The road to success with the connected customer and analytics maturity

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In an increasingly connected world, the automotive industry is embracing opportunities from the Connected Vehicle and Connected Dealer to reach the Connected Customer. At the recent Automotive Analytics Executive Forum, we heard terrific success stories and far-reaching experiments aimed at facilitating the best customer experiences whether buying a vehicle or getting it serviced.

The connected vehicle will drive new business models and innovation

The connected vehicle and smart mobility are enabling new business models for the automotive industry. Having done analytics for decades, we at SAS have a long history helping our customers leverage analytics as the key differentiator for growth. For the connected vehicle, that means making your customer interactions more intelligent, and accelerating the pace of insights for personalized experiences, product development and improvements to quality, while enabling new business models.

Bob Proctor Quote

Global megatrends can radically change the mobility industry

McKinsey’s Andreas Beiter covered key highlights from their study on the Automotive Revolution – Perspectives Towards 2030. We learned how four disruptive automotive technology-driven trends (connectivity, diverse mobility, autonomous driving, and electrification) will expand revenue pools for Auto OEM’s by 30% (up to $1.5 Trillion).

Despite a shift towards mobility, vehicle unit sales will continue to grow (albeit at a lower rate of 2% per annum). Consumer mobility is driving more “sharing”, and will make city type (i.e. density) and customer demographics (i.e. income) key predictors to future consumer segmentation. With so much opportunity, it will be an increasingly competitive market with new entrants and “co-opetition” becoming more common in the future.

Mapping insights and improved interactions throughout the customer journey

Suzanne Feeney from Hyundai Motor Company and Duan Peng from Hyundai Capital America provided keen insights during a panel discussion on the importance of understanding customer mindset and behaviors to sell more vehicles and services. When balancing growth with retention, analytics helps companies understand attitudes, needs and preferences to drive better customer segmentation and multi-channel customer experiences.

In particular, dealer programs and data science can combine to improve marketing, sales and product development efforts. We also learned how machine learning can be applied to some of the industry’s most difficult challenges, such as incentives and optimized pricing strategy and 1:1 customer offers. Finally, we learned about how analytics success will enable sustained management support from executives – and that results (ROI) drive adoption.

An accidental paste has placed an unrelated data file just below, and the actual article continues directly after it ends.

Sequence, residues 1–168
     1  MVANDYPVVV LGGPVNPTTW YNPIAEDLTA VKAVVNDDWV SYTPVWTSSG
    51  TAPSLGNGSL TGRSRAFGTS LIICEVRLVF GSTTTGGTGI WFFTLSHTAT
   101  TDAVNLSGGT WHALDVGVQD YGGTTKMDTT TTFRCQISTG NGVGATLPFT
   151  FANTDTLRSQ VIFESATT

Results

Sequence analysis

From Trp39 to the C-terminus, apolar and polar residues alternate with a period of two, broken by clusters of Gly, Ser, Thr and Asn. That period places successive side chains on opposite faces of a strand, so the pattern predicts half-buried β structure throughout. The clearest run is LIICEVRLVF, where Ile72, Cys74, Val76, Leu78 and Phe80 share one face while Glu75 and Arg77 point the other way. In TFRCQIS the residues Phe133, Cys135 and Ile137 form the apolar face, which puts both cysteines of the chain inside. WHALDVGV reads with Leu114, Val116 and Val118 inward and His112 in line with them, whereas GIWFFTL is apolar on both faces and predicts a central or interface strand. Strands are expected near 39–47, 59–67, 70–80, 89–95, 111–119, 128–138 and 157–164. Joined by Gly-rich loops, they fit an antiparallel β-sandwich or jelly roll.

Model governance aims to promote better and stronger models

Organizations that are mature at applying analytics within their business face the challenge of effectively compiling an inventory and managing hundreds of models. Richard Sha and Howard Forrest from Toyota Financial Services outlined how cataloging enterprise wide models can both speed time to value in future model development, while helping to understand the interactions between models. We also learned how governance can properly enable you to operationalize your models in the best way throughout the business.

Agility is the key to win fast

Cloudera’s Dave Shuman shared the keys to winning with big data, with agility being paramount to success. Several of their clients are repeatedly iterating by following a process of “getting the data, exploring and analyzing to drive experiments, then deploying those successful ones into production.” Iteration combined with a “fluid (agile) roadmap” is enabling leading companies to win (and yes sometimes fail) fast.

What analytics maturity looks like now

Jill Dyche lent her thoughts from a Best Practices standpoint on new insights with respect to analytics maturity. Several maturity “indicators” were discussed including the presence of a “data team”, an “agile” story, clarity around {the role of Analytics in} digital business, a move towards a services model {of enabling the business}, clarity on “user categories” within the business and lastly the importance of packaging analytics well for the enterprise.

With respect to “packaging”, we’ve seen great examples from companies that invest in analytics as a program and have an enterprise role (function) designed to support analytics – wherein they have proven to be very good at embedding analytics into their strategic initiatives roadmap (i.e. supporting customer growth, quality, customer satisfaction, etc.). While that may seem like common sense, it’s not always common to have that clarity. Do you?

Your input on future events is appreciated

As we continue to bring together industry thought leaders at executive forums and client events, we’re looking for your input on key topics, format - perhaps you’d like to present yourself. Comment here with your ideas or connect with me on LinkedIn.

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About Author

Norm Marks

Director, Automotive & Manufacturing

Norm heads up the Automotive Industry team at SAS, leading SAS' strategy, sales and go-to-market efforts to help our Automotive clients make better business decisions. He has held various senior leadership positions in the industry and uses his experience to drive value for his clients.

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